According to scans by security specialist Troy Mursch of the Chicago-based Bad Packets security consultancy, nearly 500 Citrix servers in the UK are still vulnerable to the critical security flaw designated CVE-2019-19781, despite final firmware and patches having been made available for all affected versions of as January 24, 2020.
The flaw currently applies to the Gateway 10.5, 11.1, 12.0, 12.1, and 13.0 software and Citrix Application Delivery Controller (ADC).
Bad Packets describes the vulnerability as follows:
“This critical vulnerability allows unauthenticated remote attackers to execute commands (RCE) on targeted Citrix Application Delivery Controller (ADC) and Citrix Gateway (also known as NetScaler Gateway) servers after chaining an arbitrary file read/write (directory traversal) flaw. Further exploitation can allow threat actors to gain a foothold inside private networks and conduct further malicious activity, such as spreading ransomware.”
Under CVSS 3.x vulnerability metrics, CVE-2019-19781 is rated 9.8 out of 10, indicating a high level of threat, especially since it enables arbitrary code to be executed by an unauthorised intruder. It emerged towards the end of last year, at which point affected users were advised to shut down servers until patches were made available. Citrix did suggest some mitigation measures but later admitted that these may not suffice for installations running earlier firmware. This led the Dutch National Centre for Cybersecurity to also recommend shutting down servers pending a patch, adding:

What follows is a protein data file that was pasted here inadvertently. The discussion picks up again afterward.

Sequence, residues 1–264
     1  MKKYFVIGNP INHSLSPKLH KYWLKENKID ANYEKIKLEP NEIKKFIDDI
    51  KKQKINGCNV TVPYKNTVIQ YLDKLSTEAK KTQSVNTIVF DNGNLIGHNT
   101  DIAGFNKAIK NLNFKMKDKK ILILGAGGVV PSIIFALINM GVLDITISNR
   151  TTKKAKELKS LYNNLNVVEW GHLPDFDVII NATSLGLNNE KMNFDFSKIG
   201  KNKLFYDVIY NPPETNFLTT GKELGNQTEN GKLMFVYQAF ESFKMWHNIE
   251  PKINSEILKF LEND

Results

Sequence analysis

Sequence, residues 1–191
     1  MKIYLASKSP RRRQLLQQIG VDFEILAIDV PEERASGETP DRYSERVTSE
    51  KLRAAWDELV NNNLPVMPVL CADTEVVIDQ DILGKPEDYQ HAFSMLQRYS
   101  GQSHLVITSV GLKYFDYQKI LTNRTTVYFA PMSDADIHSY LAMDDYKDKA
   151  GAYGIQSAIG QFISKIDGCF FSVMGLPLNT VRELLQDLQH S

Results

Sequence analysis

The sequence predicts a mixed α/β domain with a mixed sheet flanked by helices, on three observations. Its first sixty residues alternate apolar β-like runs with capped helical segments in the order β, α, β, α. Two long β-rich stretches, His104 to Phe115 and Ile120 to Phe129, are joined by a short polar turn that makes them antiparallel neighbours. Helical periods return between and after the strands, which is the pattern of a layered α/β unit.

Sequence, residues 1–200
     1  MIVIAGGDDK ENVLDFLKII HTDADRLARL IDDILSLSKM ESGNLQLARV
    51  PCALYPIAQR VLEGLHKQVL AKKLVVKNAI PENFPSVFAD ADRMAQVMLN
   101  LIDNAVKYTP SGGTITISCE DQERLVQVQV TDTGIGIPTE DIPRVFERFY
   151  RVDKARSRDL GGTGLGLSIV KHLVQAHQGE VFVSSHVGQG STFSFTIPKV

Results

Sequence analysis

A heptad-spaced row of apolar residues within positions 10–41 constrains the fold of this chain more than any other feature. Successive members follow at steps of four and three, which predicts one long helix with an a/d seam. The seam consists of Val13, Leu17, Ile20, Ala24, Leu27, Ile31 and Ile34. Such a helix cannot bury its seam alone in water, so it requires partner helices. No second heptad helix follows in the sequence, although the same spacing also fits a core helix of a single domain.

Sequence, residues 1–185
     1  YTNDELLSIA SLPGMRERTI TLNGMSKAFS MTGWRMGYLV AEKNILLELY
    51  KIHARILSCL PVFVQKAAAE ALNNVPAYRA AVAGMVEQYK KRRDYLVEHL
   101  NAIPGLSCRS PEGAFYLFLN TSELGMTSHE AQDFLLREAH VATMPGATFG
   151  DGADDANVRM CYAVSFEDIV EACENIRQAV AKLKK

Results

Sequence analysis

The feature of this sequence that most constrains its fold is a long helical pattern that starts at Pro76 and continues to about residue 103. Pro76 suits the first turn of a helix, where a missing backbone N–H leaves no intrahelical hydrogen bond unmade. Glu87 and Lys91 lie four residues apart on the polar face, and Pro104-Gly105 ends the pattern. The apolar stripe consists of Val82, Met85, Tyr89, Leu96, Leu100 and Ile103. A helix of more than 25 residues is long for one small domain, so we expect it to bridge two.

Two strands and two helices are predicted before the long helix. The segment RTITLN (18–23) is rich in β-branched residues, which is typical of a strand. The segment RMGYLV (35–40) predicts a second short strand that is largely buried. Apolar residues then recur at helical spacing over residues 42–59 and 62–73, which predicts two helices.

“If the impact of switching off the Citrix ADC and Gateway servers is not acceptable, the advice is to closely monitor for possible abuse. As a last risk-limiting measure you can still look at whitelisting specific IP addresses or IP blocks.”
While Citrix has faced criticism for not moving fast enough in its response, it did release a final set of patches on January 24. Despite the vulnerability being known about for some time, as well as reports that hacking groups were shifting their focus to Citrix servers, many servers were still vulnerable at the end of January.
The Bad Packets scan report identified 474 vulnerable Citrix servers in the UK, which is down from the 2,028 identified before the release of patches, but still substantial. This compares poorly with Germany, which had more (2,510) vulnerable servers before the patches but less than half as many (238) afterwards. It seems UK organisations are slower to apply the patches despite Citrix and FireEye releasing a free scanner to assess the risk of compromise.
These systems remain open to compromise. Indeed, some may have been compromised already by more covert hackers quietly extracting data for sale on the dark web, or they may just be patiently waiting before initiating a more destructive attack.
Making use of available patches as soon as possible is a basic principle of good cybersecurity, but at Pro-Networks, we understand that it can be hard to stay informed about every threat that emerges, never mind apply patches while maintaining uptime. Fortunately, with our network management services, our engineers can put out fires before they become a problem.